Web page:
Labor unions -- Organizing
Subject Source: Library of Congress Subject Headings
Found in 10 Collections and/or Records:
Abstract AFSCME has produced a regularly published magazine since its inception. Publication duties for this organ and other materials were accomplished by the Education and Publications Department for the first twenty years of AFSCME’s existence. The 1954 Convention, however, passed Resolution 14, establishing a Publications and Public Relations Department. This new department would continue to publish the AFSCME magazine and other materials and would also take on new media public relations duties both...
AFSCME Office of the Secretary-Treasurer: Government and Civic Employees Organizing Committee Records
Abstract In early 1950, the United Public Workers union was expelled from the CIO for alleged communist activities, leaving behind an anti-communist group called the Government Workers Union. In February of 1950, the CIO chartered the Government Workers Union as the Government and Civic Employees Organizing Committee (GCEOC) and gave the new committee jurisdiction over federal, state, and local employees. In the next five years, GCEOC aggressively attempted to reach full union status within the CIO but...
Item — Box Individual Oral Histories Box 1: A-E, Folder: 11
Abstract In 1971, Reuther archivist Dennis East interviewed Francis J. Dillon, AFL organizer and first president of the UAW. Collection consists of interview transcript. Dillon talks about AFL president William Green, AFL organizing in the auto industry, and the UAW presidency.
Abstract Material collected by Mr. DeShetler as secretary-treasurer of the AFL Flat Glass Workers Union (1935-37), president of the CIO Federation of Glass, Ceramic and Sand Workers (1939-42), CIO regional director of southern California (1946-52), CIO assistant regional director of Region 13 (1952-55), AFL-CIO assistant regional director of Region 22 (1955-68) and National AFL-CIO coordinator for Farm Workers (1968-71). Various activities of the Glass Workers Union, such as Executive Board meetings...
Item — Box Individual Oral Histories Box 2: G-M, Folder: 4
Abstract In 2004, Mike Smith interviewed Jack Golodner, President Emeritus of the Department for Professional Employees, a semi-autonomous trades department of the AFL-CIO representing white-collar workers. Collection consists of audio recordings and a transcript. Golodner talks about his childhood and early life; education; entry into the labor movement; early work in law, politics, and labor organizing; involvement with the AFL-CIO, particularly with his work in advancing the organization of...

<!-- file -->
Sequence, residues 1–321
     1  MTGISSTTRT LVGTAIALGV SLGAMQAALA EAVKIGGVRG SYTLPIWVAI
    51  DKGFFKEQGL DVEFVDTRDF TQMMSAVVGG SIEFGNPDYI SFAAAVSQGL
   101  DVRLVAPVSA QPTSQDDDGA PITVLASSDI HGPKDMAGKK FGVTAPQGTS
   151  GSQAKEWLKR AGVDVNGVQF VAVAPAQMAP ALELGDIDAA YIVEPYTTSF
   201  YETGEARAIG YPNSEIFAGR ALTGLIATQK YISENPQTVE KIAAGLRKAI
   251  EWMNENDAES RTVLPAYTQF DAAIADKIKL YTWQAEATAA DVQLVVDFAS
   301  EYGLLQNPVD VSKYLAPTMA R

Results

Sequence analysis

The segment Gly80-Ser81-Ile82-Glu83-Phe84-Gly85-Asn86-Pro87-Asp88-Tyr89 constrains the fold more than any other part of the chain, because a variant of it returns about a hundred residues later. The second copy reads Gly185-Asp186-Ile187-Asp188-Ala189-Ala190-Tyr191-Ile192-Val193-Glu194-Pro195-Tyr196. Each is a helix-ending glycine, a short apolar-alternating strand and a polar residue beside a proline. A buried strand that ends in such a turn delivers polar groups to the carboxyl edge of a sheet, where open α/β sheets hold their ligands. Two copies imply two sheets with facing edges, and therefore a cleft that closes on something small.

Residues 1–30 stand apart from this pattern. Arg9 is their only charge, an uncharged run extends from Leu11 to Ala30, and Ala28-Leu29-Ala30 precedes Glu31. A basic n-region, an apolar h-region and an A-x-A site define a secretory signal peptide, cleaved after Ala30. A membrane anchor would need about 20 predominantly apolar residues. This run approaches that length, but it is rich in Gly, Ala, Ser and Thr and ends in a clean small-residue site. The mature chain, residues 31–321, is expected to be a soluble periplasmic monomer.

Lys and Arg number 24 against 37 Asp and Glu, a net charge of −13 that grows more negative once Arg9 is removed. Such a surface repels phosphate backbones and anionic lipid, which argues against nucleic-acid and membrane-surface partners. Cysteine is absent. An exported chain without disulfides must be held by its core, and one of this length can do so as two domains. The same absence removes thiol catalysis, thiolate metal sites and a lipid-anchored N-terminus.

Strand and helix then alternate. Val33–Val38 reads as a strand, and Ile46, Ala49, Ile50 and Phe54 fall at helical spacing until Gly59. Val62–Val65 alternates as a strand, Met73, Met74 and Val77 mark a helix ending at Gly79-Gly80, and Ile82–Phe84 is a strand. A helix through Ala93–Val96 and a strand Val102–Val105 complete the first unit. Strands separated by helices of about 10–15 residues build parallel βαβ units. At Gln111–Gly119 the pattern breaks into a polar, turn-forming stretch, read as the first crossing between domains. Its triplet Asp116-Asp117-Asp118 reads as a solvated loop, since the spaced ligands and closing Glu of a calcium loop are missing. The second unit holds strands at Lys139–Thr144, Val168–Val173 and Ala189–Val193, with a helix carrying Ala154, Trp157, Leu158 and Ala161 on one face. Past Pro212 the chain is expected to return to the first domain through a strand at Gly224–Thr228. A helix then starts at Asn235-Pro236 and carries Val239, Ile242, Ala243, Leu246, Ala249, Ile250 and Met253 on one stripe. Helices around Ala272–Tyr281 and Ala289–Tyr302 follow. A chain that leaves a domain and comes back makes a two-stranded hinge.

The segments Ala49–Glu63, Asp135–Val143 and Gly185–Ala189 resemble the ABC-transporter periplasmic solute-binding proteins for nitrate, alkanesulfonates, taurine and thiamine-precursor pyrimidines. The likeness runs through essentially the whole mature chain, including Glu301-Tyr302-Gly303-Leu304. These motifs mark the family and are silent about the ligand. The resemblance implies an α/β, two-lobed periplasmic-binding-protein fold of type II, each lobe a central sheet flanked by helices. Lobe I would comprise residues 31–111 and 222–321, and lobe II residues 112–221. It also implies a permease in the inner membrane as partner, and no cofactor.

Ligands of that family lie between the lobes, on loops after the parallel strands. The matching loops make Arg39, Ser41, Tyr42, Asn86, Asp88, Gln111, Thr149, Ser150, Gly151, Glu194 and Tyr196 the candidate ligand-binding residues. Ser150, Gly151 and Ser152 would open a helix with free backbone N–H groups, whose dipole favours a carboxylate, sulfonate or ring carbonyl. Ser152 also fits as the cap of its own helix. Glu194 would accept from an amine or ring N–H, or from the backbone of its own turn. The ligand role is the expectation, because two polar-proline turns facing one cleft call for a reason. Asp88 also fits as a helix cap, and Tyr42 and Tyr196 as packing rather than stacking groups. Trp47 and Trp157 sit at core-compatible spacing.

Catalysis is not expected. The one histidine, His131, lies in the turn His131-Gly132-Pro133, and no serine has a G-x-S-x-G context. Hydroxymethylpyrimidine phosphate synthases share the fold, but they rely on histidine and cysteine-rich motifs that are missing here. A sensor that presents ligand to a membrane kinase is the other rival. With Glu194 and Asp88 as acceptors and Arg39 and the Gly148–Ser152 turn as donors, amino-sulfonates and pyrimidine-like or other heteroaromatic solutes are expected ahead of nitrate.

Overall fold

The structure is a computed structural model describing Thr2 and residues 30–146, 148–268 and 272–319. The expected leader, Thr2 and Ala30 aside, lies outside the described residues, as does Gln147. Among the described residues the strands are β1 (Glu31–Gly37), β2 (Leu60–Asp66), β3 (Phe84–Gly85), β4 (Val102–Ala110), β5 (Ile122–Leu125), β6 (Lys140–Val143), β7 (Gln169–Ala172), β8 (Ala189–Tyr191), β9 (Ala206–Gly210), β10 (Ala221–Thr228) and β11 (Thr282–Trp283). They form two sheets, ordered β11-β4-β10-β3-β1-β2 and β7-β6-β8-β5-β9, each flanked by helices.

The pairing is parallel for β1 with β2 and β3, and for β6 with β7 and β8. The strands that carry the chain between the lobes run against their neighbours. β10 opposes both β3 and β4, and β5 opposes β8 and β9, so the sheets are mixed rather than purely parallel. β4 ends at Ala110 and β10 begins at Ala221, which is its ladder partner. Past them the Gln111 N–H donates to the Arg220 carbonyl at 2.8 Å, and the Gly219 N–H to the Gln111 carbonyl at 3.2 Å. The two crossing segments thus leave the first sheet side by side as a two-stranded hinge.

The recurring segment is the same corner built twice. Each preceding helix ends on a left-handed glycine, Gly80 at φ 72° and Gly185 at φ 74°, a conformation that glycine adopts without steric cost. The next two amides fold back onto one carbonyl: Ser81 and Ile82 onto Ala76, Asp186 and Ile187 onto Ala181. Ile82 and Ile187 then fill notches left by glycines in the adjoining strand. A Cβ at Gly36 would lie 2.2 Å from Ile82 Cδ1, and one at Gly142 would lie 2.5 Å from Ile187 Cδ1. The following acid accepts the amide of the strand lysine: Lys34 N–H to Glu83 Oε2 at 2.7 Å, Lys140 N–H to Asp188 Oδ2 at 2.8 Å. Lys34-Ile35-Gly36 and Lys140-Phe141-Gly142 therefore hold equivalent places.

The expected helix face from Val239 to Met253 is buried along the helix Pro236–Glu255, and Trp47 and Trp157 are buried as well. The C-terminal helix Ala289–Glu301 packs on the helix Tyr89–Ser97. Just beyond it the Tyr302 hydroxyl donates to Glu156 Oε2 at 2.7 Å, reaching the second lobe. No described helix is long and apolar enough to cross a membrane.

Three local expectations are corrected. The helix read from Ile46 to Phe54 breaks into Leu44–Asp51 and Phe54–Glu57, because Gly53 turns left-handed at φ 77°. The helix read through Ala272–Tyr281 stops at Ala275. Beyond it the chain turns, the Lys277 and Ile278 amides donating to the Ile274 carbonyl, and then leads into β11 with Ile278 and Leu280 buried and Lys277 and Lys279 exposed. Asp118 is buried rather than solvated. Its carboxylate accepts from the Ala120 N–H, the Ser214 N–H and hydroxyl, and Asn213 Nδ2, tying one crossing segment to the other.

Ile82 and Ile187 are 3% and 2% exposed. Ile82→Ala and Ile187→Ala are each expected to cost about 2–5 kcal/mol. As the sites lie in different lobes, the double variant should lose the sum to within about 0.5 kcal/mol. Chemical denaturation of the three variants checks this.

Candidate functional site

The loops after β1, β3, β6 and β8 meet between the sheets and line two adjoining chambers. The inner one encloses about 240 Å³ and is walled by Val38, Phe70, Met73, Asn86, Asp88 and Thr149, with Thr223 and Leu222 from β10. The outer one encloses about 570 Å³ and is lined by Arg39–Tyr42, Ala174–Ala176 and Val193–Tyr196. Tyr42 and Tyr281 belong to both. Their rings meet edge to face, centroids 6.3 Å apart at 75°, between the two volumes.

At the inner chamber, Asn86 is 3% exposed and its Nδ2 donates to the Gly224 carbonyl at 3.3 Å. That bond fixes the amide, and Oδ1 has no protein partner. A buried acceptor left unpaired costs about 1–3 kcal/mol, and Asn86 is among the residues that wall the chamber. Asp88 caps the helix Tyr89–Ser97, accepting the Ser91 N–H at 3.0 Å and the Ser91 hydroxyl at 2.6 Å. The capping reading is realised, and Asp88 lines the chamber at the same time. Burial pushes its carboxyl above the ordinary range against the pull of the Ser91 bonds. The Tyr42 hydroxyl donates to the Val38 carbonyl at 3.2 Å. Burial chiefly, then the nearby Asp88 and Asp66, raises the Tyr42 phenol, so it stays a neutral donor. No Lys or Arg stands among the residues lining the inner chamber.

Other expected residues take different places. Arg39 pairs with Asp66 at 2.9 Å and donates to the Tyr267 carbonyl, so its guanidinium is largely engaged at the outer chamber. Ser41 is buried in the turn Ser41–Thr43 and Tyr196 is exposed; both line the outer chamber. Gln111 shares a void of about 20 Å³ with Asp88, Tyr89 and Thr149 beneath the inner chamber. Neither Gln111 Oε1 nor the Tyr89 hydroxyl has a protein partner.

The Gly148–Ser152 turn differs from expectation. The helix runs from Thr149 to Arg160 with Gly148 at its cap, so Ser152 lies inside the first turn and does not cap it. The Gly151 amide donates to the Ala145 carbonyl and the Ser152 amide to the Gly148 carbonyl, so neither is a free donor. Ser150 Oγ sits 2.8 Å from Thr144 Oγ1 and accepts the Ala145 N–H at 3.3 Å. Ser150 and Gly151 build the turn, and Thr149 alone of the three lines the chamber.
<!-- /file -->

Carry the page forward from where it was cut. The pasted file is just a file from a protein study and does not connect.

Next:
Abstract OPEIU was chartered by the American Federation of Labor in 1945, and from its inception, involved itself exclusively with the field of office employment, as a separate entity from industrial employment. Local 10 grew out of the Stenographers, Typists, Bookkeepers, and Assistants Union which was established in 1929. The records of OPEIU Local 10 reflect the organizing work of the local with many organizations in the metropolitan Detroit area.
Abstract For many, John Sweeney is known as the now former head of the AFL-CIO, a position from which he retired in 2009 after 14 years of service. For most of the previous 35 years, though, he was a member turned officer of the Service Employees International Union, having served 15 of those years as its President. The SEIU Executive Office: John Sweeney Records document his tenure during these 15 years, although portions of these records predate his tenure in that office. The records...
Abstract The Service Employees International Union (SEIU) was founded in 1921 as a union of flat janitors. Over the years it has grown in size and scope, now comprising three divisions: healthcare, property services, and public services. While most of SEIU’s members reside in the United States, the SEIU is an international union with members and affiliates in countries all over the world. The records of SEIU’s International Affairs Department document the SEIU’s relationships with companies, unions,...
Abstract The 1980s was a difficult time for American Labor. The American economy was in recession and national politics were not hospitable to organized labor. Yet, SEIU grew by 500,000 members. By 1992, SEIU reached the million-member mark. The membership achievements of SEIU can be largely credited to the efforts of its Organizing Department. The primary responsibility of the SEIU Organizing Department was to organize the unorganized. The SEIU Organizing Department sought to gain new membership for...
Abstract Richard Cordtz’s affiliation with SEIU spanned nearly 50 years, beginning in the late 1940s as a member of Local 102 while he worked at the Del Mar Racetrack, and ending in 1996 as President of the International. During his journey from member to president, Cordtz held a variety of positions within SEIU including union organizer, Local 79 President, Joint Council 35 President, Central States Conference President, and Secretary-Treasurer of the International. Cordtz was also active in the...